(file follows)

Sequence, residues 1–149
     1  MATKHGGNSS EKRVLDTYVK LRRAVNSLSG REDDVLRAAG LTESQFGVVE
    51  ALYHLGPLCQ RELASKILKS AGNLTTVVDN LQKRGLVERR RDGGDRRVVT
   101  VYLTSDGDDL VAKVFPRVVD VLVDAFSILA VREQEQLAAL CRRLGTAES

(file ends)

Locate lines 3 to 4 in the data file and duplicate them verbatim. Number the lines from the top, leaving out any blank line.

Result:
    51  ALYHLGPLCQ RELASKILKS AGNLTTVVDN LQKRGLVERR RDGGDRRVVT
   101  VYLTSDGDDL VAKVFPRVVD VLVDAFSILA VREQEQLAAL CRRLGTAES